In the aftermath of Hurricane Maria, five students from the University of Puerto Rico continued their research at a national laboratory 1,600 miles to the north—thanks to Brookhaven Lab’s Office of Educational Programs, mentors, and a scholarship fund created in honor of a late Brookhaven biologist. In the aftermath of Hurricane Maria, five students from the University of Puerto Rico continued their research at a national laboratory 1,600 miles to the north—thanks to Brookhaven Lab’s Office of Educational Programs, mentors, and a scholarship fund created in honor of a late Brookhaven biologist Hurricane Maria’s first rains fell on Puerto Rico on Sept. 19, 2017. Fast-forward through less than two devastating days and the brutal hurricane unleashed more than 37 inches of rain, 155-mile-an-hour winds, surging tides and floods, and three tornadoes on the island. Lives were lost. Some homes were damaged, others destroyed. Entire towns once connected were now isolated, cut off from roads buried by landslides and bridges out—with widespread water shortages, cell phone outages, air and seaports closed, and the entire island without power.
As the hurricane tracked north and weakened, inhabitants of the U.S. commonwealth emerged, joining with local governments, the Federal Emergency Management Agency (FEMA), its federal partners, and others for recovery efforts that continue today. FEMA has described this as one of the nation’s most logistically complex responses in history.
As those recovery efforts progressed, staff members at the U.S. Department of Energy’s (DOE) Brookhaven National Laboratory began considering ways they could help.
Setting up to step up
Noel Blackburn of Brookhaven Lab’s Office of Educational Programs explained, “Carlos Cabrera, a professor at the University of Puerto Rico, Río Piedras Campus, normally joins us for a monthly conference call with the INCREASE consortium, but that didn’t happen after the storm. When we finally got through to Carlos and Professor Olga Mayol-Bracero at the university and heard about the devastation, we knew we had to step up and do something.”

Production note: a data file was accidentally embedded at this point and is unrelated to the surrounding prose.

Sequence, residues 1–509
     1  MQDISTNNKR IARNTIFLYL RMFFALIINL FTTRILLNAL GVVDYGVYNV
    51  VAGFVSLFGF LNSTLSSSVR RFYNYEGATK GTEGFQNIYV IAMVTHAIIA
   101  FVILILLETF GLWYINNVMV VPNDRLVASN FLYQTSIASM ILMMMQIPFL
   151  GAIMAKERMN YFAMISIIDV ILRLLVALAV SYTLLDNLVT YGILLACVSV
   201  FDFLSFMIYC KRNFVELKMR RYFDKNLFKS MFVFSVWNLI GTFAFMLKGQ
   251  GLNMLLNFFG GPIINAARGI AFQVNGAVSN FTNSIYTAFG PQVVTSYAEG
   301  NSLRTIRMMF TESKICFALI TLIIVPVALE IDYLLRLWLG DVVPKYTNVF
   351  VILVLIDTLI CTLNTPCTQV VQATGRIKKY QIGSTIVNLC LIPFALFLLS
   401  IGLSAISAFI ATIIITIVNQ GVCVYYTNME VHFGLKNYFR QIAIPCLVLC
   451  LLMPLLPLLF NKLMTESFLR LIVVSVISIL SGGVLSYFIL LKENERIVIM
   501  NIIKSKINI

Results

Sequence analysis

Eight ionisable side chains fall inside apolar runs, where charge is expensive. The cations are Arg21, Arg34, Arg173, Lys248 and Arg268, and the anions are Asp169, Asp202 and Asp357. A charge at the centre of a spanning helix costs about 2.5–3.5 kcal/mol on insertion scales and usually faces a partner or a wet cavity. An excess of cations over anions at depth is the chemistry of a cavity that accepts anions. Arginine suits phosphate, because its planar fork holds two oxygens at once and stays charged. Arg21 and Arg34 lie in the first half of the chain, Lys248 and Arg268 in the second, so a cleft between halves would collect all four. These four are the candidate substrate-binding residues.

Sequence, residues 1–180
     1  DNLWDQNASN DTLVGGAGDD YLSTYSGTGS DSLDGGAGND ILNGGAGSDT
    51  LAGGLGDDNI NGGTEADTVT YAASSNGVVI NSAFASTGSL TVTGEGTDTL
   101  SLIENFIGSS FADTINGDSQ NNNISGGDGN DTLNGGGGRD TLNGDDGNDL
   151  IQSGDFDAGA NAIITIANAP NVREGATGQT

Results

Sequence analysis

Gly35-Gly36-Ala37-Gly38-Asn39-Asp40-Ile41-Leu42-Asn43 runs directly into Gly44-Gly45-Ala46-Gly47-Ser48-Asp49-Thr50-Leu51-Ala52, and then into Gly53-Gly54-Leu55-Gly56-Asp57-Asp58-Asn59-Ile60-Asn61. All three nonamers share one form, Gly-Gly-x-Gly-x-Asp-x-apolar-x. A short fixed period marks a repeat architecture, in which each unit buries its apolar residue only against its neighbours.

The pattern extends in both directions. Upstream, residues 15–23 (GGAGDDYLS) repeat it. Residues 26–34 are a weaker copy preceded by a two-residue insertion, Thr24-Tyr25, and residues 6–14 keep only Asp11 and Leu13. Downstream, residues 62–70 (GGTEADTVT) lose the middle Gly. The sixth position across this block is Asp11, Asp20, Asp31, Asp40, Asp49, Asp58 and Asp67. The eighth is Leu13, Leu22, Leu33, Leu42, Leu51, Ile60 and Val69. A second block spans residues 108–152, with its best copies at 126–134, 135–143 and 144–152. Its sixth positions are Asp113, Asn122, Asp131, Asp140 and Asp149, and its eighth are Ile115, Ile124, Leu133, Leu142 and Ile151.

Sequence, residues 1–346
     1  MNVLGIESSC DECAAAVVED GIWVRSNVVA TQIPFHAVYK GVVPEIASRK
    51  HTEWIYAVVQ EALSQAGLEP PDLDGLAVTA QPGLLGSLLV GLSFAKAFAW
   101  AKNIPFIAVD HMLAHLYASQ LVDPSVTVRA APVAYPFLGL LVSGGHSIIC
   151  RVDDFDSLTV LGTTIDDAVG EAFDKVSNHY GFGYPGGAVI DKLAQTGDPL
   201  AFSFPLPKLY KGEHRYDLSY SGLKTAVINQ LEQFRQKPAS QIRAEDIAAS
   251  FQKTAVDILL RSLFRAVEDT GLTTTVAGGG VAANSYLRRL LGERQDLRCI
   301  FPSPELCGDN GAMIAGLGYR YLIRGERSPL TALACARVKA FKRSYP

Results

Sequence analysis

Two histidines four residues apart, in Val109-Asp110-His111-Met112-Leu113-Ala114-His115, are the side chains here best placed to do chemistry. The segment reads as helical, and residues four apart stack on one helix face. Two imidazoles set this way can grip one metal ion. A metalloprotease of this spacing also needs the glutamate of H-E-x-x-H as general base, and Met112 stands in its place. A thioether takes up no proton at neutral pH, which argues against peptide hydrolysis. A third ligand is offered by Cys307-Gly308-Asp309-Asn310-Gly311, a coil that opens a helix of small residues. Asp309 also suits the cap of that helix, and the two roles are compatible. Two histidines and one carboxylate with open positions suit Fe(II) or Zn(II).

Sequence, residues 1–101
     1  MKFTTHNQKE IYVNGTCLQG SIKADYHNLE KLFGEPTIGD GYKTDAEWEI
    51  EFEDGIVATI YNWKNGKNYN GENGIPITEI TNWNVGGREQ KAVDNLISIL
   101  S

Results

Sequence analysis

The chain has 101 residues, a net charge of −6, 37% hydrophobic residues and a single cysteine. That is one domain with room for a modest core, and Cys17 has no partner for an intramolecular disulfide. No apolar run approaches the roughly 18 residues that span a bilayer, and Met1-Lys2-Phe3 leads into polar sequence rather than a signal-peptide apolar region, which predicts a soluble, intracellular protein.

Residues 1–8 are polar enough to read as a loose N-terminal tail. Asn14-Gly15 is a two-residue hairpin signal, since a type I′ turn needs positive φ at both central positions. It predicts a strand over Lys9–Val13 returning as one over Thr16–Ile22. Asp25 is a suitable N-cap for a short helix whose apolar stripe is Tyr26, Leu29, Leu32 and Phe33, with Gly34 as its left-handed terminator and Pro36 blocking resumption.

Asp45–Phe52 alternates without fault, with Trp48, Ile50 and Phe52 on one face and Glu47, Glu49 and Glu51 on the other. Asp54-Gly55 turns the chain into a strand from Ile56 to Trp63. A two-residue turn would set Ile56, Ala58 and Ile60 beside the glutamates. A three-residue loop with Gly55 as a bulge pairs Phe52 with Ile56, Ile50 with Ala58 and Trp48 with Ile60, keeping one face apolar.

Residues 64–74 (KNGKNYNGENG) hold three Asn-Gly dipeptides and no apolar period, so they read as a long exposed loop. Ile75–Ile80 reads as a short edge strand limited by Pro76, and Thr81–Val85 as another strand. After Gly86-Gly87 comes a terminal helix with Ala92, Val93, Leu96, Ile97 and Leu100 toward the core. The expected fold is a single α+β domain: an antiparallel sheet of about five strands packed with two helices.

“INCREASE” stands for Interdisciplinary Consortium for Research and Educational Access in Science and Engineering. Formed at Brookhaven and based at Hampton University in Virginia, the consortium promotes research and education at minority-serving institutions, including the University of Puerto Rico. By welcoming member organizations’ students to national user facilities like those at Brookhaven, INCREASE and its collaborating partners strive for more women and those from historically underrepresented groups to pursue careers in science and engineering.
“Carlos and Olga were able to communicate with us from a newly constructed building at the university that had been equipped with a generator,” Blackburn said. “As we spoke, I asked about science students whose graduation plans would be in jeopardy if they couldn’t do their research on the island. When we got their names, we lined up resources and mentors, and got the students here as quickly as possible.”
‘Now boarding to New York’
In late October, five students left their families, friends, and homes behind, accepting an invitation to continue their scientific research at Brookhaven Lab on Long Island, 1,600 miles north. Luis Betancourt De León, Andrea Ramirez-Puentes, Fernanda Ramos-Garces, Joesene Soto Perez, and Melissa Vega Cartagena, arrived at Brookhaven to pursue their own research with scientists who stepped in as mentors: Sanjaya Senanayake and Kotaro Sasaki of the Lab’s Chemistry Division, and Ernie Lewis and Art Sedlacek of the Environmental & Climate Sciences Department.
From airfare to housing on site at the Lab, the students’ internships would be funded by scholarships created in honor of the late Virginia Pond, her 39-year-career as a biologist at Brookhaven, and her unceasing passion for education.
“Deciding to leave Puerto Rico in that condition was hard, but I feel like it was the right decision,” Vega Cartagena said. “I talked with my husband and my parents, and they told me, ‘This is your opportunity, go!'”